burning of the town was the work of Yankee stragglers who had some sort of grievance against the
people of Cassville.26
One reason behind this theory is that Yankees had a special
grievance against the town because it had changed its name from Cassville to Manassas and the name of the
county from Cass to Bartow just after the Confederate victory at First Bull Run. The names of the
county and county seat had been altered because the state legislature did not believe that a
Southern town should bear the name of a Michigan general who held the "wrong" views on the slavery
The Union Army destroyed the city and left behind a mass of smoked
walls and charred timber around the limits of the town. During the summer of 1864 the
Federals were in complete control of Cassville and her citizens went through hard times. The nearest
mill was fifteen miles away and those fortunate enough to have a
little wheat or corn had to walk that distance to use the mill. They
walked because all their horses had been seized by either Union or
Confederate cavalries. Usually a few small boys would get together and sneak over to the mill because if they
were caught by Federal troops, their grain would almost always be taken away. One person remembered
that his old home was near the cemetery and his mother built a tent against a fence that ran
around the cemetery and she and her children spent the night there. His father had died in the army only
a short time before and the family watched the city burn just a short distance away from their father's
grave. All the people had to pick berries to help toward their daily meals. It would have been tougher
on the people of Cassville if it had not been for the kindness of a Federal captain stationed in Kingston
who often sent assistance to the people in Cassville.28
Another person remembered that on the morning of November 5th the
Union Army marched into town and, after giving a short notice about what was to follow,
began their work. Within a short time the whole town was in flames. That night the people found themselves
out in the street in a cold rain with not a shelter left over their heads. They could have found
shelter in churches but they had to watch over the few personal belongings they had saved from the
flames. They knew the Yankees would either steal or destroy them if they had a chance.29
The three churches which still are on the same grounds and three
residences were the only structures left standing by Sherman's Army. The home of Dr. Weston Hardy served
as a hospital and was not burned for that reason. The Mercer home also, was spared because of
sickness. Tradition has it, the home of Mr. A. C. Day was saved when the captain saw a certain Masonic
emblem as it dropped from a bible while the family brought out their furniture.30 These three homes
and the Baptist, Methodist, and Presbyterian churches were unharmed.
There is a story that goes along with the burning of Cassville, that
Mr. Tom Word who was clerk of the court loaded his buggy with county records and some of the
files of the county paper when he heard that the town was to be burned and rode away just before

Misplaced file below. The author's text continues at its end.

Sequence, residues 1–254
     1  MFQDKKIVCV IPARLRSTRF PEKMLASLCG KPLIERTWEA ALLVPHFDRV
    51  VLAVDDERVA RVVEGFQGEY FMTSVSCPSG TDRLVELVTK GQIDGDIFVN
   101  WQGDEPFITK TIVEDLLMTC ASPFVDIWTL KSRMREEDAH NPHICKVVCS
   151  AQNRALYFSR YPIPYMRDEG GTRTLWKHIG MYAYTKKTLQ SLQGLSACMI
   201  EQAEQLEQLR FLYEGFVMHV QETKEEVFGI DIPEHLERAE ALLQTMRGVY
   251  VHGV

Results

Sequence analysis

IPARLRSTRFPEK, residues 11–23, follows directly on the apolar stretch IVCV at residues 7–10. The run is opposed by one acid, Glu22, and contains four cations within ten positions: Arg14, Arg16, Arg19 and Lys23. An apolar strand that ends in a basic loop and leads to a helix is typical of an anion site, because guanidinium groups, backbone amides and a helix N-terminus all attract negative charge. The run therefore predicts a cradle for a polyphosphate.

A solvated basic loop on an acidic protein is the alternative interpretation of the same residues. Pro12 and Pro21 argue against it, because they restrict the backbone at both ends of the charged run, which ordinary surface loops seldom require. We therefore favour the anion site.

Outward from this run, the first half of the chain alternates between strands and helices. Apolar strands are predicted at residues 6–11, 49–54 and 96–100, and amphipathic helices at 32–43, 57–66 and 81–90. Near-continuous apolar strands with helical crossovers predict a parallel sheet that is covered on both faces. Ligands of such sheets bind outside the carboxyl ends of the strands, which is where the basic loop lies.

the courthouse building was destroyed. Supposedly he salvaged many of the old books which contained records
With Cassville now gone, the county seat was moved to the nearby
rail center at Cartersville. It seemed useless to rebuild Cassville because of its location and
total destruction. Cartersville Quickly became the new center of
activity in Bartow County and remains so today. All of the
businesses, including several of the businessmen of old Cassville
made themselves new locations in Cartersville. Cassville was only a memory, except for three churches, three homes, and
the die-hards who decided to rebuild. Meanwhile, Cartersville was growing by leaps and bounds.32
By the 1870's, the state owned Western and Atlantic railroad made
Cartersville a major travel center. The "Kennesaw Route" went through Cartersville and made one of only
four stops along its route. It was about a four hour train ride from
Cartersville to Chattanooga and two hours to Atlanta. Occasionally Pullman Palace Cars came through on their way to final
destinations such as Columbus, Savannah, Montgomery, Mobile, New Orleans, Baltimore, and New York.
However, the daily route was from Chattanooga to Atlanta and back again.33
It was this railroad that ended any possibility of rebuilding
Cassville. Cassville could only be reached by horse or stagecoach, while
Cartersville was a major rail
center. It is for this reason that Cassville today is only a small community consisting of the three
old churches, a store, a post office, a new fire station, an empty courthouse square, and a Confederate
1 Georgia Historical Society marker at the site of old courthouse square.
2 Headden, Delle, "The Cassville Schools," November 24, 1954, p. 1. (This was a 12 page paper found within the scrapbooks which was done with most of the information
coming from a book entitled, Bartow County Georgia History.
3 Ibid., pp. 1, 2, and 4.
4 Mahan, Joe, "Cassville Destroyed Seventy-Five YearsAgo:"TheTrlbuneNews, Cartersville, Ga., Thursday, November 2, 1939.
5 Headden paper, pp. 2 and 3, and Georgia Historical Society marker'at the site of the Girls Methodist College.
6 Headden paper, pp. 2 and 3, and Georgia Historical Society marker at the site of the Cherokee Boys College.
7 Headden paper, p. 3.
9 Mahan, Joe, p. 2.
10 Georgia Historical Society marker at courthouse square and Headden paper, p. 2.